Generally, nutrient enrichment favors the growth of larger phytoplankton while the community composition and abundance of small phytoplankton (pico and nano) are mainly controlled by microzooplankton (cilites and flagellates) grazing [24,25]. Indian coastal and estuarine waters are highly productive with rich biodiversity of flora and fauna. As many as 25 estuarine systems along its 7500km coastline . Of which those heavily influenced by the southwest monsoon (June-September) rainfall are referred to as monsoonal estuaries . Interestingly in the tropics, the Bay of Bengal and Arabian Sea, this has different kinds of physical, chemical and biological characteristics features and supporting variety of flora and fauna.
Over the years, researchers have identified more than 200 diatoms and 90 species of dinoflagellates. A total of 102 species of diatoms belonging to 17 families are known along the east coast and these numbers are relatively higher along the west coast, with 148 species in 22 families . Their compilation suggests that the number of pinnate diatoms in the world's oceans could range from 500 to 784 and that of centric diatoms from 865 to 999. It has been determined that more than 25% of diatom species live in Indian waters. The diversity of dinoflagellate species in the east coast estuaries is relatively small (15 species in 7 families) compared to the west coast estuaries (76 species from 10 families). The number of estimated dinoflagellate species in the marine environment varies from 1,000-2,000. Copepods are the most widely studied group of marine zooplankton.
Approximately 210 families and 2,280 genera are described, and there are more than 14,000 species throughout the world. Out of which, as many as 1,925 copepod species have been recorded in Indian waters. A total of 106 species belonging to 23 families are known from the east coast and the diversity in the west coast of India is relatively higher at 179 species from 131 families . In this context, tropical ecosystems, which combined contain as much as 75% of the global biodiversity, have been neglected. Coastal waters of the tropics and subtropics possess unique and highly productive ecosystems, such as estuaries, relict lakes, salt marshes, mangrove ecosystems, seagrass meadows and coastal lagoons. The negative effects of chemical contaminants on tropical marine ecosystems are of increasing concern as human populations expand adjacent to these ecosystems. Watershed streams and ground water carry a variety of chemicals from agricultural, industrial, and domestic activities, while winds and currents transport pollutants from atmospheric and oceanic sources to these marine coastal ecosystems .The rapid ecological shifts that are occurring in the world's oceans present major challenges for researchers, managers and policy makers.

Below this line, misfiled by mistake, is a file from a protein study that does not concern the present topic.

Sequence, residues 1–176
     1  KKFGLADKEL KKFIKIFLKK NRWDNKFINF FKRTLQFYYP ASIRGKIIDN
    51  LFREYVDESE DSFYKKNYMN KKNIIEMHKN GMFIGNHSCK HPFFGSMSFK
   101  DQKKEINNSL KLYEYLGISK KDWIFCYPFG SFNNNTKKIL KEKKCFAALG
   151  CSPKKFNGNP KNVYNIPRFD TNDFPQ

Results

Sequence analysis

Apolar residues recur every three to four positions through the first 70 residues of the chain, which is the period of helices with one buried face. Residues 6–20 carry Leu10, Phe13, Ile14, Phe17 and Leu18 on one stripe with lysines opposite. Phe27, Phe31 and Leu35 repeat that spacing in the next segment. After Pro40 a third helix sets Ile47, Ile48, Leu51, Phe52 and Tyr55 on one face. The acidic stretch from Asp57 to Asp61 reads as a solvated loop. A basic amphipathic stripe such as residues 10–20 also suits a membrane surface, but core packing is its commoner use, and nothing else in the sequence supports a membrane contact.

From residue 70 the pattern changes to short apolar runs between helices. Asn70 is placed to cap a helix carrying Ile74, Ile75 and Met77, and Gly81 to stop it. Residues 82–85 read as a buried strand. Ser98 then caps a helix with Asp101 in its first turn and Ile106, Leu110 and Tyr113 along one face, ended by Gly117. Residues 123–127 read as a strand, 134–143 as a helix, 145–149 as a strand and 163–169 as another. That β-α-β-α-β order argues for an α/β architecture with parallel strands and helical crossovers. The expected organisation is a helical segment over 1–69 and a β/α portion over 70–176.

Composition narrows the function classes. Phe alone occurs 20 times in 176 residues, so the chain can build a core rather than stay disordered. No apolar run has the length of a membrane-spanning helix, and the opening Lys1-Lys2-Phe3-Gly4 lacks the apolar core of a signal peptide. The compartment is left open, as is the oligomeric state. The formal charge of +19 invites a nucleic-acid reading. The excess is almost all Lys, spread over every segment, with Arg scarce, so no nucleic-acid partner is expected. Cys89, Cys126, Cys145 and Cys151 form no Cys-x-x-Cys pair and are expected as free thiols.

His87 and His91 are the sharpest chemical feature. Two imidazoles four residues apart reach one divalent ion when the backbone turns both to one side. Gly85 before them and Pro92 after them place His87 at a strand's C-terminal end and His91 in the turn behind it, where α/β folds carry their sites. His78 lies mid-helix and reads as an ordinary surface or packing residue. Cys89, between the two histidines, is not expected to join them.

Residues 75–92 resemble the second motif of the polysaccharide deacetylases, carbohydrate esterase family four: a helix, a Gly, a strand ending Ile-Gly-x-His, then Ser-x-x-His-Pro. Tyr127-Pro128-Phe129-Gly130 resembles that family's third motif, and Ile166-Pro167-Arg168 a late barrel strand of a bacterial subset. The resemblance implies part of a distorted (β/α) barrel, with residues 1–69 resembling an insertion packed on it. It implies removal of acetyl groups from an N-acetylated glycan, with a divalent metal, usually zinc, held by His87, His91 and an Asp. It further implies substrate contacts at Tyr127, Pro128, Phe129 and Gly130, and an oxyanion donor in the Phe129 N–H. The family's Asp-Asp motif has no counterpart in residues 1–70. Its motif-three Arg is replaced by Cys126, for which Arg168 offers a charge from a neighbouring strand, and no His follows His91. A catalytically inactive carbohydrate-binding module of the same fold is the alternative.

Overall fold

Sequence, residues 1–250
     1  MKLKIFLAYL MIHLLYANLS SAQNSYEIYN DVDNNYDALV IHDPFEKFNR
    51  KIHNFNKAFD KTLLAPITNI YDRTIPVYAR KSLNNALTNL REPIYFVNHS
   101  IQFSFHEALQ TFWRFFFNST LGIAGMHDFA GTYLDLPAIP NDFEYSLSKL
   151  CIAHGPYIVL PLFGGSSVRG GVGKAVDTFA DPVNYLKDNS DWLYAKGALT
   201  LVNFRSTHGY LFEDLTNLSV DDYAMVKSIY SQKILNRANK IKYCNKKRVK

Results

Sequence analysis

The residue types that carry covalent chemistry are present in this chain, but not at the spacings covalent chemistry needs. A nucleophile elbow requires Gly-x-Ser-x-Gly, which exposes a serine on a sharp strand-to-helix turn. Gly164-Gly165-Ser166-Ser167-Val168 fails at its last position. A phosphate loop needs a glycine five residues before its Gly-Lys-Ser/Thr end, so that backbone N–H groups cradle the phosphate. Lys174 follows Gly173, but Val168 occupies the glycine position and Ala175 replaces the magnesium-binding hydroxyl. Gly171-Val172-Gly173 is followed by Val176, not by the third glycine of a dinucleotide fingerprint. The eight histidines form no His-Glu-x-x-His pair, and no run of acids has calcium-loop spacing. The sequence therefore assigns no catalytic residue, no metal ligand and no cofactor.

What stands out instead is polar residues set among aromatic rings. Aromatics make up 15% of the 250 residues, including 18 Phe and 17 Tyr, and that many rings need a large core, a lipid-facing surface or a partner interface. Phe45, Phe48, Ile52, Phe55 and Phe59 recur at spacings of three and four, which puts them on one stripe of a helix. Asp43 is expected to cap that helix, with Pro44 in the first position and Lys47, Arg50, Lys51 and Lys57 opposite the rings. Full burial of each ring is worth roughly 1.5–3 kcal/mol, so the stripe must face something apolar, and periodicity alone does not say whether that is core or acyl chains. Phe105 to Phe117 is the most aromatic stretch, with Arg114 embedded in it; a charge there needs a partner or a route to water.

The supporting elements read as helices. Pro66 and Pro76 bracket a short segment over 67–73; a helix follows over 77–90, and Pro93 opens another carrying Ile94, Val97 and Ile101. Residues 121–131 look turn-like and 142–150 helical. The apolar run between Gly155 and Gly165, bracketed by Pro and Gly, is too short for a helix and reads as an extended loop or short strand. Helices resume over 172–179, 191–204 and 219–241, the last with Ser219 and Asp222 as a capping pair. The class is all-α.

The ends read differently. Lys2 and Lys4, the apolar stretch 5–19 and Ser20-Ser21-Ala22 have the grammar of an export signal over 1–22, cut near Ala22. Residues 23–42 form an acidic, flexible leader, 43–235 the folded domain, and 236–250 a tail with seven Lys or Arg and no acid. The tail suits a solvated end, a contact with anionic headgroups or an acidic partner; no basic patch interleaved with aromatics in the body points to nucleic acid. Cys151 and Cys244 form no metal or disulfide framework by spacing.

Understanding and reducing risk exposure will become increasingly important as conditions change and the likelihood of major ecological shifts increases. Actions that reduce the flow of nutrients and sediments from coastal catchments, for example, as well as those that reduce activities such as the deforestation of mangroves and the overfishing of key ecological species (e.g. herbivores), will become increasingly important as the impacts of climate change mount.
In general, marine coastal ecosystems of the tropics have to cope with the climatic vagaries of drought or flood. The plankton production also shows interesting variations during these exceptional years of drought or flood. During flood no immediate plankton production was observed due to turbidity of water but drought years show good plankton production in the estuarine systems due to remarkable hydrographic stability. The contribution of the estuarine- dependent marine fishery in the total harvest amounted to 49.02% [30-32] for all India landings. Thus phytoplankton based nature of food pyramid plays a great role in the pelagic and the coastal zone ecosystems such as estuaries, mangroves, and backwaters of the tropics.